Just days after the GAO released its report on Healthcare.gov’s expensive shortcomings, CMS Principal Deputy Administrator Andy Slavitt tells the House Energy and Commerce Subcommittee that work completing the back end of Healthcare.gov will continue into next year. Features intended to enable payers to easily exchange financial information with the government are still not working. Slavitt noted in his first public testimony with CMS that, “We are still working with brand new processes and technology, we are still establishing an understanding of unique consumer behavior and needs, and we are reacting to and solving new problems.”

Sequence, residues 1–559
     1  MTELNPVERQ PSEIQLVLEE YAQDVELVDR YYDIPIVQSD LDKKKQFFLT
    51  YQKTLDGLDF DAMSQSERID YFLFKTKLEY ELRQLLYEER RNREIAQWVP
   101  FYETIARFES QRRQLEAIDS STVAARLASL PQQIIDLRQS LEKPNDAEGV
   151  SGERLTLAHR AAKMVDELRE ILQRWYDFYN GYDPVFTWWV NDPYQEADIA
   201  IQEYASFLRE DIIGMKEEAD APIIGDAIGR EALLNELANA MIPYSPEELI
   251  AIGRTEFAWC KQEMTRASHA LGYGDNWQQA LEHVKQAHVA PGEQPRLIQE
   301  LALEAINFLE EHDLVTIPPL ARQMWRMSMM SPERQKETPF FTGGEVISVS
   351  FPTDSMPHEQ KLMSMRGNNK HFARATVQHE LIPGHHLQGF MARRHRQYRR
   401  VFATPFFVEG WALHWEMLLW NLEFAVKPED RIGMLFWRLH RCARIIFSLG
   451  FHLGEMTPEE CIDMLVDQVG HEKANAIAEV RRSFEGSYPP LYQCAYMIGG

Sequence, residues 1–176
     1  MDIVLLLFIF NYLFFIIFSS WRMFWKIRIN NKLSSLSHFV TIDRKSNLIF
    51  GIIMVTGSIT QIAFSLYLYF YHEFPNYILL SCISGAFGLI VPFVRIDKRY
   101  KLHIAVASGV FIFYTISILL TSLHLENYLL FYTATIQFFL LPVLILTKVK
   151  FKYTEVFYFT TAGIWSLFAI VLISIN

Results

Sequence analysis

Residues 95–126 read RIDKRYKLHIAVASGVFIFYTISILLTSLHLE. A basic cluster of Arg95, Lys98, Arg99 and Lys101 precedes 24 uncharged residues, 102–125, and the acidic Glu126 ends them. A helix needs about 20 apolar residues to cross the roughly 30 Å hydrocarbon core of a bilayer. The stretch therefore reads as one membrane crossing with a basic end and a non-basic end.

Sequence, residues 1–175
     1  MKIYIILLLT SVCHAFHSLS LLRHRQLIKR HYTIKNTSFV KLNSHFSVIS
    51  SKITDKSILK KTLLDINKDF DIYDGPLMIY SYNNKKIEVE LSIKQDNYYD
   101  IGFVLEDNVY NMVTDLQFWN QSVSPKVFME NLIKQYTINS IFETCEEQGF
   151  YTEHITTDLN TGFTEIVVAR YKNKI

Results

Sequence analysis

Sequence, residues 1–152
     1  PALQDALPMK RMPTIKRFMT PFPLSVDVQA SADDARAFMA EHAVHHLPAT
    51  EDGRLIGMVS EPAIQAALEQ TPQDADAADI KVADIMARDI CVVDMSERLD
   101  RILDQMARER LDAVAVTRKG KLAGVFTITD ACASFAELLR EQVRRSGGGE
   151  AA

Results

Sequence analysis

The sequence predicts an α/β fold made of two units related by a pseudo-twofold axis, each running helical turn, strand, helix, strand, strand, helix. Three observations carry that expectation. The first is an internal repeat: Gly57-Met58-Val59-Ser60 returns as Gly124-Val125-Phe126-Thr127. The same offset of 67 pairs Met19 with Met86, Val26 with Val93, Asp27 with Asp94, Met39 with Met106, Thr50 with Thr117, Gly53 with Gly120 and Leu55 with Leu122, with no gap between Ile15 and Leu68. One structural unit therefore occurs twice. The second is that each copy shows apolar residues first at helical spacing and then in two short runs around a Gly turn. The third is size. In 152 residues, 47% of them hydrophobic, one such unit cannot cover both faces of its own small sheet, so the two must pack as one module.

Healthcare.gov technology vendor Accenture is selected to serve as the lead Medicaid service vendor by the Texas Health and Human Services Commission. The company, which has has run the Texas Medicaid claims processing technology for the past decade, will work with the Texas Medicaid Healthcare Partnership to support 3.6 million Medicaid recipients and 45,000 providers through the processing of over 12.5 million claims per month. Accenture takes over the work of Xerox, whose contract was terminated in May 2014 because Xerox staff approved thousands of requests for braces that weren’t medically necessary. Accenture seems to have developed a habit of swooping in to clean up other contractors’ messes, while Xerox seems to have developed a habit of making them.
A new CMS rule officially confirms October 1, 2015 as the new ICD-10 deadline.